Networks are notoriously finicky. Speed and performance can change quickly, so the best measurements are taken over time, and even in different contexts. For my testing, I aim for more of a snapshot in time, controlling for as many variables as I can. Your mileage, of course, may vary.
In my domestic testing, I found that VyprVPN increased latency by 17.6 percent, which is on par for other products in this test. Spotflux Premium VPN takes the lead in this test, reducing latency by 4 percent. VyprVPN had no effect—positive or negative—on download speeds. That's great, but not quite as impressive as PureVPN, which actually improved download speeds by 346.4 percent. That streak was broken in the upload test, in which VyprVPN dragged down upload speeds by 14.2 percent, nearly double the average. Spotflux again has the best score in this test, reducing upload speeds by only 0.4 percent.
In the harsher international tests, VyprVPN increased latency by 285.7 percent. That's on the higher end of average, and a far cry from AnchorFree Hotspot Shield Elite, which increased latency by only 155.4 percent. The download test was also middling for VyprVPN, which decreased download speeds by 24.2 percent. PureVPN again has the best score, improving download speeds by some 403.4 percent. VyprVPN managed to redeem itself in the upload test. Here, it reduced upload speeds by only 3.2 percent. That's the second best score behind Hotspot Shield Elite, which improved upload speeds by 1.4 percent.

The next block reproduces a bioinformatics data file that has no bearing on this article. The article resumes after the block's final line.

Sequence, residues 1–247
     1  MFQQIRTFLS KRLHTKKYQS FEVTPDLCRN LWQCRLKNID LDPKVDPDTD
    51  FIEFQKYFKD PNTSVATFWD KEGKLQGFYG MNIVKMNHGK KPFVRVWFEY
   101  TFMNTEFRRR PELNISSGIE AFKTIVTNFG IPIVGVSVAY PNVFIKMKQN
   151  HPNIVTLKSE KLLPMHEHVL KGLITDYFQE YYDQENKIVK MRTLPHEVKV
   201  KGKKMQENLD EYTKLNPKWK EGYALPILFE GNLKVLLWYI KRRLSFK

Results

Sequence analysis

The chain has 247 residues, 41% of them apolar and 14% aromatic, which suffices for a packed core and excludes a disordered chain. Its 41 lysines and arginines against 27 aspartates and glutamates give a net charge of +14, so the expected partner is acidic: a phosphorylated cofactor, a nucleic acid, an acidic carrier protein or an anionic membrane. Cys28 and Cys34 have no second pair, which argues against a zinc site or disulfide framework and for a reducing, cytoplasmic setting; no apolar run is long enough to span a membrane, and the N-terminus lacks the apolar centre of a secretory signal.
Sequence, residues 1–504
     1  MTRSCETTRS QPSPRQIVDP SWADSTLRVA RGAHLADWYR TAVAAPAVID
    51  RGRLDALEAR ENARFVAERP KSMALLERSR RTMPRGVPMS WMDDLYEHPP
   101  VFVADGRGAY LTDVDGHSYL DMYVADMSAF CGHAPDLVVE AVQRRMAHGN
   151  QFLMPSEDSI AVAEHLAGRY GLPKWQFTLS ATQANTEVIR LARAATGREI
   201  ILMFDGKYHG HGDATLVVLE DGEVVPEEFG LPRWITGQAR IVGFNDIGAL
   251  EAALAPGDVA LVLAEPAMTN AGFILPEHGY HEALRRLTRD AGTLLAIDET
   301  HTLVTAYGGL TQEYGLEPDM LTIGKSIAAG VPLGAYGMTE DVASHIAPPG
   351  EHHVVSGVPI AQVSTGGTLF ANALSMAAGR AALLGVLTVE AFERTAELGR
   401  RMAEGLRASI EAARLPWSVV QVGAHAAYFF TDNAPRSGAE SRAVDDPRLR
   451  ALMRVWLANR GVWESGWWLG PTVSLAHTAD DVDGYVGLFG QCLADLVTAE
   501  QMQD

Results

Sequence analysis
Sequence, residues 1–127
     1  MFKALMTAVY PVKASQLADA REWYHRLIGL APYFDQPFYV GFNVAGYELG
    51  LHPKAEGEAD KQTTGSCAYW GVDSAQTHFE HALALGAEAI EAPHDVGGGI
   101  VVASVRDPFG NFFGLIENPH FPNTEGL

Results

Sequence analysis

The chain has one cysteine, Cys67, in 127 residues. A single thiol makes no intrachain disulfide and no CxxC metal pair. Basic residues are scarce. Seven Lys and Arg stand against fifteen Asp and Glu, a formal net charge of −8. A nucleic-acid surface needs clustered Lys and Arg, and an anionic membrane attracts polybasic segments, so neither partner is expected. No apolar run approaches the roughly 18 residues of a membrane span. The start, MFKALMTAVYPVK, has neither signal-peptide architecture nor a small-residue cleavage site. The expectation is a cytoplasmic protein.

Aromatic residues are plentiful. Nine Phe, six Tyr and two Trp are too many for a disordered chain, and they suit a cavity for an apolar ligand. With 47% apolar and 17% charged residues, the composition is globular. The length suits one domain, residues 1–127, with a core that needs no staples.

There are many ways to measure network performance, I do consider the download metric to be particularly significant as most of us use the internet to consume digital content. So when I try to figure out the fastest VPN service, I'm usually looking at download speeds. For two years, PureVPN has far and beyond surpassed the competition on speed alone, and has earned an Editors' Choice award for its feat.
A Strong VPN Option
Golden Frog VyprVPN is a worthy choice. It brings a strong collection of security tools to the table, with easy installation, numerous and globally diverse servers, advanced security tools, and fine-grained controls. I also greatly appreciate the latitude it provides users with its P2P and BitTorrent policy. Its data-capped free version is more of a trial, but you'd want a trial before signing up anyhow, because VyprVPN is fairly expensive. And it only allows three simultaneous connections at the entry-level tier, which is stingy. For excellent security at a better value, I recommend Editors' Choice winners KeepSolid VPN Unlimited, NordVPN, and Private Internet Access. And for raw speed, try PureVPN.
By Max Eddy Software Analyst
Max Eddy is a Software Analyst, taking a critical eye to Android apps and security services. He's also PCMag's foremost authority on weather stations and digital scrapbooking software. When not polishing his tinfoil hat or plumbing the depths of the Dark Web, he can be found working to discern the 100 Best Android Apps. Prior to PCMag, Max wrote for the International Digital Times, The International Science Times, and The Mary Sue. He has also been known to write for Geek.com. You can follow him on… More »